|Maizuru Naval Arsenal, Japan||15 March 1922||21 October 1922||21 December 1922||Sunk 30 December 1944 by USS Razorback at Bashi Channel [21N, 121.24E]; struck 10 February 1945|
|Uraga Dock Company, Japan||5 April 1922||15 February 1923||5 November 1923||Torpedoed Celebes Sea [04.52N, 122.07E] 1943-11-13 by USS Bluefish; struck 5 January 1944|
|Uraga Dock Company, Japan||20 November 1922||1 September 1923||24 July 1924||Capsized 5 December 1932 in storm off Keelung, Taiwan [27.17N, 122.12E]; struck 1 April 1933|
|Ishikawajima Shipyards, Japan||14 March 1922||4 November 1922||10 May 1923||Sunk 22 August 1945 by naval mine at Kanmon Straits; raised, BU 1948|
|Ishikawajima Shipyards, Japan||15 May 1922||14 April 1923||31 May 1924||Converted 1 February 1940 to Patrol Boat No. 46 (第四六号哨戒艇 Dai-46-Gō shōkaitei?); sunk 10 November 1944 by USS Greenling at Irōzaki|
|Fujinagata Shipyards, Japan||16 February 1922||23 September 1922||16 March 1923||Torpedoed 20 December 1943 off Manila Bay [14.44N, 119.55E] by USS Puffer; struck 5 February 1944|
|Fujinagata Shipyards, Japan||16 May 1922||19 March 1923||20 August 1923||Torpedoed 10 May 1944 west of Luzon [15.38N, 119.25E] by USS Cod; struck 10 July 1944|
The IJN originally planned that the Wakatake-class ships should have names, but upon completion they were given numbers due to the projected large number of warships the IJN expected to build through the Eight-eight fleet plan. This proved to be extremely unpopular with the crews and was a constant source of confusion in communications. In August 1928, names were assigned, but not the original names that were planned.
|Plan name and transliteration||Original name as ordered||Renamed 24 April 1924||Renamed 1 August 1928|
Black bamboo, Phyllostachys nigra
Rice sprouts on May
Bracken on Spring
One of the Poaceae
One of the Poaceae
- Jentsura, Warships of the Imperial Japanese Navy, 1869-1945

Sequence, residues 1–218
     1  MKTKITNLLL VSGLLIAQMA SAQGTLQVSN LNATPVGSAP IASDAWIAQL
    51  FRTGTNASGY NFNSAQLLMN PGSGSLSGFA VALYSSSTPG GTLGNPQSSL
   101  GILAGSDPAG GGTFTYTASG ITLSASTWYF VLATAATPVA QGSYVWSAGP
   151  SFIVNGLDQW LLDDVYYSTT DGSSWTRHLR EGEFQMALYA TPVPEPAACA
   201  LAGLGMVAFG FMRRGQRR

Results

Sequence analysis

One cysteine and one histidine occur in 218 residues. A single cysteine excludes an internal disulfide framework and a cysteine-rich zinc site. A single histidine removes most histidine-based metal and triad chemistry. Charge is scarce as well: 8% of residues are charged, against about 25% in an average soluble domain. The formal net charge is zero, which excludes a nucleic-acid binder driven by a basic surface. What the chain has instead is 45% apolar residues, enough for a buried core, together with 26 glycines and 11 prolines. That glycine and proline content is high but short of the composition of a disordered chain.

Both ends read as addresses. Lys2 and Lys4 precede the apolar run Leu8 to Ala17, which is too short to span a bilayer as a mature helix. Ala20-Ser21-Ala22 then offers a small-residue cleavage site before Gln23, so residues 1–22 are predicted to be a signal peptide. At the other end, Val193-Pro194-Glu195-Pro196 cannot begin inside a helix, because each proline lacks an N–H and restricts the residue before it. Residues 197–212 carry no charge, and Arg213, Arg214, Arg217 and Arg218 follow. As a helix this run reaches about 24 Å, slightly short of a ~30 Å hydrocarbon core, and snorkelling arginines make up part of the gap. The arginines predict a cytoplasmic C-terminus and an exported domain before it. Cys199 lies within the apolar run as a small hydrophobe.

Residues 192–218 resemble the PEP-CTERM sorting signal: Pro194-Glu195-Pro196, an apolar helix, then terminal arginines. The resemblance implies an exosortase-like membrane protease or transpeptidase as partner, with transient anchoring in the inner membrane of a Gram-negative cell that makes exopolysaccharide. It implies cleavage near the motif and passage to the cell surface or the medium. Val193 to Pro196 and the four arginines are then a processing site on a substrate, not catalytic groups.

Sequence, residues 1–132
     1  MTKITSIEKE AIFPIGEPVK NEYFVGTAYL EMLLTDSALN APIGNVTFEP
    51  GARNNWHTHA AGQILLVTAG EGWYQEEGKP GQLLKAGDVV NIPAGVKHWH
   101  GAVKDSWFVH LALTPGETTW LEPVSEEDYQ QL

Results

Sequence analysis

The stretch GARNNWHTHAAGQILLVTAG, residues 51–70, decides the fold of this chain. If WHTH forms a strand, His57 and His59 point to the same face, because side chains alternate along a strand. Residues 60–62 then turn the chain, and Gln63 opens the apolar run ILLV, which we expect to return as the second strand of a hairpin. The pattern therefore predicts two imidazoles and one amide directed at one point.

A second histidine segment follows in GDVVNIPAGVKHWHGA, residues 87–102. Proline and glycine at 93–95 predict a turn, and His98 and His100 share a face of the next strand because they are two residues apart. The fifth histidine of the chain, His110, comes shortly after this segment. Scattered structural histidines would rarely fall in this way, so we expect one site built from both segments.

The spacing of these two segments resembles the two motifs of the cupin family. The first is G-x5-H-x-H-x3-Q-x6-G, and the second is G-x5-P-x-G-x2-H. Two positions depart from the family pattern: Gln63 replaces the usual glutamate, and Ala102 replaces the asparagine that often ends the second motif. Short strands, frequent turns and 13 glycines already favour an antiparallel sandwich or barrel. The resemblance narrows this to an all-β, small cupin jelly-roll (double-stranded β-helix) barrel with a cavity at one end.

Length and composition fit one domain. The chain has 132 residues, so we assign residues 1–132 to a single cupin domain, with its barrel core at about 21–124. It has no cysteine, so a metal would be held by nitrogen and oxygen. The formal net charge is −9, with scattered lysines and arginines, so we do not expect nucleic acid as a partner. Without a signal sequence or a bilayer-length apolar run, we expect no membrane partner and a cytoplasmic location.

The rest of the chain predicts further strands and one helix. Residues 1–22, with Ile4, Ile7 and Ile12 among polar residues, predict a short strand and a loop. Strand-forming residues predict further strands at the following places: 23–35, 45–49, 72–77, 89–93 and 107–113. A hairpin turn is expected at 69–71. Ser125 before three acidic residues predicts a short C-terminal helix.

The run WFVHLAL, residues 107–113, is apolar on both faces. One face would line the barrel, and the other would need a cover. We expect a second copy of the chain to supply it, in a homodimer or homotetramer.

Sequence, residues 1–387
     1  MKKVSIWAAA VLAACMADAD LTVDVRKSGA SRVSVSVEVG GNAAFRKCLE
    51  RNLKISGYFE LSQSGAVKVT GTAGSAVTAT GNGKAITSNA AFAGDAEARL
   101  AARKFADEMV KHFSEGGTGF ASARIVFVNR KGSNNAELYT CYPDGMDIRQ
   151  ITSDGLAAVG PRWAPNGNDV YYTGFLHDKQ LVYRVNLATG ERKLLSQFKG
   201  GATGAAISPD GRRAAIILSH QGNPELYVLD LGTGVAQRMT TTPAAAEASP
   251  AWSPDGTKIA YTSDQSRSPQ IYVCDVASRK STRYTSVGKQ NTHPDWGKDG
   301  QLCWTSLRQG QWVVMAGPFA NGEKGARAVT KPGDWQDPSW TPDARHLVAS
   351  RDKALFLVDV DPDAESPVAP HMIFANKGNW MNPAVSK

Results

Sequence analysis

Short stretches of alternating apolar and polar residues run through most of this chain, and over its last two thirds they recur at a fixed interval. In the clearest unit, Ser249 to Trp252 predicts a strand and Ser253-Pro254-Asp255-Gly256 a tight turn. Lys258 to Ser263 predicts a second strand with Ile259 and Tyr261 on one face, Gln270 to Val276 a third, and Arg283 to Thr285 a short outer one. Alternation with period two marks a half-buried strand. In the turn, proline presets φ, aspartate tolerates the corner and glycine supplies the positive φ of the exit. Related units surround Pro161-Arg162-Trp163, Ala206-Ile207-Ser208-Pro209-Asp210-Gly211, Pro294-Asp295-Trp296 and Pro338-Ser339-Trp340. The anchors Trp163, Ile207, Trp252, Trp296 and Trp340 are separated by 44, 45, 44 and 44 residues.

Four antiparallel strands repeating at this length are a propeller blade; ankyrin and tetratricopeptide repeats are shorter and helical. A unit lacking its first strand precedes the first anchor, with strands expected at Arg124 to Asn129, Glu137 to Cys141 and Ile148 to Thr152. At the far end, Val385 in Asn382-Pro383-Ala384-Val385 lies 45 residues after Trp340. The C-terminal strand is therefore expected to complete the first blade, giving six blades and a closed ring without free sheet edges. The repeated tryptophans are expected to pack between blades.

- Globalsecurity.org, IJN Wakatake class destroyers
- Howarth, The Fighting Ships of the Rising Sun
- Nevitt, Combined Fleet.com
- Evans, David (1979). Kaigun: Strategy, Tactics, and Technology in the Imperial Japanese Navy, 1887–1941. US Naval Institute Press. ISBN 0-87021-192-7.
- Howarth, Stephen (1983). The Fighting Ships of the Rising Sun: The Drama of the Imperial Japanese Navy, 1895–1945. Atheneum. ISBN 0-689-11402-8.
- Jentsura, Hansgeorg (1976). Warships of the Imperial Japanese Navy, 1869–1945. US Naval Institute Press. ISBN 0-87021-893-X.
- Watts, A. J. Japanese Warships of World War II, Ian Allen, London, 1967.
Collection of writings by Sizuo Fukui Vol.5, Stories of Japanese Destroyers, Kōjinsha (Japan) 1993, ISBN 4-7698-0611-6
- Model Art Ship Modelling Special No.17, Genealogy of Japanese Destroyers Part-1, Model Art Co. Ltd. (Japan), September 2005, Book code 08734-9
- Model Art Extra No.340, Drawings of Imperial Japanese Naval Vessels Part-1, Model Art Co. Ltd. (Japan), October 1989, Book code 08734-10
- Daiji Katagiri, Ship Name Chronicles of the Imperial Japanese Navy Combined Fleet, Kōjinsha (Japan), June 1988, ISBN 4-7698-0386-9
|Wikimedia Commons has media related to Wakatake class destroyers.|
- Nishida, Hiroshi. "Materials of IJN: Minekaze class destroyer". Imperial Japanese Navy.
- Globalsecurity.org. "IJN Wakatake class destroyers".
- Nevitt, Allyn D. "They Also Served: The Second-Class Destroyers". Combined Fleet.com.